Might as well get this over with: The movie "Push" is a heck of a lot like the television show "Heroes." Or maybe "Anti-Heroes," or "Heroes in Hong Kong," or "If We Load This Movie With Style and Nifty Actors, Promise You Won't Compare Us to Heroes?"
4 STARS - Excellent.
3 STARS - Worthy.
2 STARS - Mixed.
1 STAR - Poor.
0 - Forget It (a dog.)
Sorry, no can do. Just like "Heroes," the characters in "Push" have specialized individual superpowers, they've split into good and evil factions and everybody's actions revolve around fulfilling or subverting a preordained future. There's even some portentous dialogue — "You help her and you help us all" — that sounds an awful lot like a certain "Heroes" line about saving a cheerleader.
"Push" is so "Heroes"-like that I kept expecting to hear the ominous, distant yodel of the "Heroes" soundtrack, which sounds like somebody in a cistern calling out for a lost puppy. (Once you've sat through "Heroes," your mind is forever tainted.)
On the plus side, "Push" looks great. Director Paul McGuigan works hard to infuse the film with atmosphere, aided by production designer Francois Seguin (who also collaborated with McGuigan for the noirish "Lucky Number Slevin"). At times, "Push" appears to have been shot through the aqua-blue light of an aquarium, and its attention to detail extends from the flourishes of wallpaper to many of the character's fingernails.
A nice set of those fingernails belong to Dakota Fanning, who plays a 13-year-old "Watcher," or clairvoyant, who can only see fate if she draws it in her sketchpad (with "Heroes," it was a painter). Fanning's character teams up with a "Mover" (telekinetic) played by Chris Evans, a stubble-faced good-guy hiding out in a Hong Kong tenement and ineptly using his skill to cheat at gambling.
Evans' and Fanning's big-brother/little-sister relationship parallels the Peter Petrelli/Claire Bennett combo in "Heroes," but Dakota Fanning — who has turned from a cute duck to a still-cute but slightly taller duck — carries most of the duo's charm. Evans spends much of the movie seeming out of it; he mocks Fanning for the Cyndi Lauper-like streaks of pink in her hair when he ought to be praising her for not having tattoos.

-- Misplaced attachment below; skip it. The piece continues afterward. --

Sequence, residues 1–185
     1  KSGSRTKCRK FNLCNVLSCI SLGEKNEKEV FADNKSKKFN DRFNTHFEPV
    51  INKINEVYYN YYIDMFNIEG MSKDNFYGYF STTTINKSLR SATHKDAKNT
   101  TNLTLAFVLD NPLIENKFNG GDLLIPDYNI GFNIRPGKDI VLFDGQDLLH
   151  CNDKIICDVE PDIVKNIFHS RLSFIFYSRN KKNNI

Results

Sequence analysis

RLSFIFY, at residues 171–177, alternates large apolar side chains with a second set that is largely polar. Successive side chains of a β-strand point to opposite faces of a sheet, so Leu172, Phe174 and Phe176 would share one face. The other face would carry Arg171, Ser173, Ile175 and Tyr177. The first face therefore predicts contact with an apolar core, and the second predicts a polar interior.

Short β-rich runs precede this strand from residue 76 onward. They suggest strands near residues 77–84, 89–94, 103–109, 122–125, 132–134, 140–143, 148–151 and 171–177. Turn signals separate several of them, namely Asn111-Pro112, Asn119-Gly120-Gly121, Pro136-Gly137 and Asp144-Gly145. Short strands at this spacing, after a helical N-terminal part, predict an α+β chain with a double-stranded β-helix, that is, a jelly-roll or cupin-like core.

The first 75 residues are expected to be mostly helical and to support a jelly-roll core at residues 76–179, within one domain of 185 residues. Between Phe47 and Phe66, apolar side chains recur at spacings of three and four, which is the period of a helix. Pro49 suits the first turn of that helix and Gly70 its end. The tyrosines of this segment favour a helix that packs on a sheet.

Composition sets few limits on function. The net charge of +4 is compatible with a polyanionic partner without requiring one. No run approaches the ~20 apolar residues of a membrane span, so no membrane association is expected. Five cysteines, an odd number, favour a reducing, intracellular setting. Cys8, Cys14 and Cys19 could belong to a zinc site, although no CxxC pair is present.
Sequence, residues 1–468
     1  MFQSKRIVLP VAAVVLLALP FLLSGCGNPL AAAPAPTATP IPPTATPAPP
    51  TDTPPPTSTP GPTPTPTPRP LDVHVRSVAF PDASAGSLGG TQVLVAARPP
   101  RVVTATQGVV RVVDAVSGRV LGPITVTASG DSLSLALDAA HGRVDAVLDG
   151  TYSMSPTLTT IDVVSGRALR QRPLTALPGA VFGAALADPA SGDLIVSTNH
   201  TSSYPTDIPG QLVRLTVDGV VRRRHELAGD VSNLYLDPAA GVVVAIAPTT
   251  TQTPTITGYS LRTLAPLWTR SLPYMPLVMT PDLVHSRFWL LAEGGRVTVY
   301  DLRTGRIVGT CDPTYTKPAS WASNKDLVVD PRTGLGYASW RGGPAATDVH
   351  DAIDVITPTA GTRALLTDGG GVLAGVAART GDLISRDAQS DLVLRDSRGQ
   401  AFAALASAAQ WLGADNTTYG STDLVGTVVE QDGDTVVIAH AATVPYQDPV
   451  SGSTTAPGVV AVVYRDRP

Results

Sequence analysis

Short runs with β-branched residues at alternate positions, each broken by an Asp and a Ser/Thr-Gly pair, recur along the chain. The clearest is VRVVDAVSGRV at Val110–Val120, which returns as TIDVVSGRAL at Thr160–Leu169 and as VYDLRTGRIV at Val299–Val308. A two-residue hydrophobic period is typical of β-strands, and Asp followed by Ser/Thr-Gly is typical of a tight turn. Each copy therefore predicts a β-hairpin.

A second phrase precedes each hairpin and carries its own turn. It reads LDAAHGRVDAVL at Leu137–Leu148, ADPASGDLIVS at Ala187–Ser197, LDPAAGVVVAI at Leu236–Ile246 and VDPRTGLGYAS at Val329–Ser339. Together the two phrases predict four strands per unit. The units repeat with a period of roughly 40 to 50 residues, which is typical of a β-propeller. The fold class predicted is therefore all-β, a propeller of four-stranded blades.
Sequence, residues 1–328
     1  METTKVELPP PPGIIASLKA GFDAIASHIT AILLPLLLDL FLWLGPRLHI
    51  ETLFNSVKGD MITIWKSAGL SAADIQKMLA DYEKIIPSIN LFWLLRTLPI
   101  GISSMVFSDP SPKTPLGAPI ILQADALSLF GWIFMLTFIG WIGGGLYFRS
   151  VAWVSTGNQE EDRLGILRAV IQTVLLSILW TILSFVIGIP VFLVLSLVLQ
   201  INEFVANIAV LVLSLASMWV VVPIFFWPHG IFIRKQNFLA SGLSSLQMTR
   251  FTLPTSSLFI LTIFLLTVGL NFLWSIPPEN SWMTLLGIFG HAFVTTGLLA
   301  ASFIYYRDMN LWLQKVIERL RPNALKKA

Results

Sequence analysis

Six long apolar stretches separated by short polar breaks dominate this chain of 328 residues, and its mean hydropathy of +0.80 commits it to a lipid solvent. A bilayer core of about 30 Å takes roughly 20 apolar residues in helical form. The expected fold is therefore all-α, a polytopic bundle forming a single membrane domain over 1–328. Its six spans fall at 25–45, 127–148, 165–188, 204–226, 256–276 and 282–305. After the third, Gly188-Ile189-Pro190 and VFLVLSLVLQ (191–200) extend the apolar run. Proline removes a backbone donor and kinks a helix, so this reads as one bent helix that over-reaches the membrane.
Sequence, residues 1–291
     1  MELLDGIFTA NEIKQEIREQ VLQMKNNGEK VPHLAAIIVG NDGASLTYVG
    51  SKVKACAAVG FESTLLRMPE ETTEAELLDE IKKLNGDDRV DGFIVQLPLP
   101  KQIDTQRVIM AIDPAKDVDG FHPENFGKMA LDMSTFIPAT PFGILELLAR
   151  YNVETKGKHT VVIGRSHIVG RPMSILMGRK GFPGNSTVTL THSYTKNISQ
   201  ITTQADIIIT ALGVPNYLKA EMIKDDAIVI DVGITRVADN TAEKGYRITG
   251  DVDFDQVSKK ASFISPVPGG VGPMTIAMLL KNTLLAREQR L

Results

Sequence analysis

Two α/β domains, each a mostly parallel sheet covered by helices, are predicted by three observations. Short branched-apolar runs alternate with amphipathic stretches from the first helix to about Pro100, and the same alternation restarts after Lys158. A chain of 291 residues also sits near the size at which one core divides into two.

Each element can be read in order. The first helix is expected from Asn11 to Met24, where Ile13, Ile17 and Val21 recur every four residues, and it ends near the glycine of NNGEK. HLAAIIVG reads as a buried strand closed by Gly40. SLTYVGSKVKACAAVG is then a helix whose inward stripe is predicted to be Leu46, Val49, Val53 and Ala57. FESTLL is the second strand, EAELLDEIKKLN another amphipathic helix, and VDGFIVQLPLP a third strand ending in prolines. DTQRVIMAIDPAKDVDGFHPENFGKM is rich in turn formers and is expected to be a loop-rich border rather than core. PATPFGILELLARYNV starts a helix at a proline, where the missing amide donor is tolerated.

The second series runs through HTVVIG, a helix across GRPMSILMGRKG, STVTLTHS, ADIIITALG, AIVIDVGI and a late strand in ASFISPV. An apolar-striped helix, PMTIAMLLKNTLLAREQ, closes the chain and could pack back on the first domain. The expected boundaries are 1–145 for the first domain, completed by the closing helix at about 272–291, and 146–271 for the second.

A swirl of other super-people comes into play, including "Pushers," who can put thoughts into the minds of others. One of them, played by well-tailored Djimon Hounsou, is the movie's villain, an agent from the Division who wants to form some kind of army. The other, played by the raven-haired Camilla Belle (who looks like a very pretty Vulcan), is Evans' love interest and the story's focal point: Why is everybody looking for her? What secret does she know about a mysterious object hidden in Hong Kong? Why is her blood turning black?
Writer David Bourla maps out enough twists and characters to fill a season of a TV show, and "Push" suffers from it: The plot plods where it ought to propel. Story threads get lost in the shuffle (what's with the silver beads agents are leaving around Hong Kong?) and cool characters — including an object manipulator played by Cliff Curtis, who lives large on fake money — wind up with little to do.
The best moments in "Push" exist outside the plot churn. There's an unforgettable zoom into the cat-eyed face of a screaming Asian "Bleeder," whose ability seems to cross "Scanners" with a Memorex commercial. Equally memorable is Evans' use of floating guns, which shake in midair as he becomes scared; and a detection-shielding "Shadow" who chews a toothpick and says things like, "No offense taken cupcake. I know you're sweet on the champ."
Best of all is the way "Push" contrasts Fanning's dark-paper, grease-penciled artistic premonition style with that of her nemesis, a lollipop-sucking, stiletto-heeled beauty who coldly draws on graph paper.
Though the movie falls apart by the time of its showdown ending (which includes jumpsuited henchmen who seem to have wandered off the set of a 1960s James Bond picture), "Push's" attention to detail gives it a fair amount of pull.
"Push." Rated: PG-13. Running time: 1 hour, 48 minutes. 2.5 stars.
Copyright 2009 Creators Syndicate, Inc.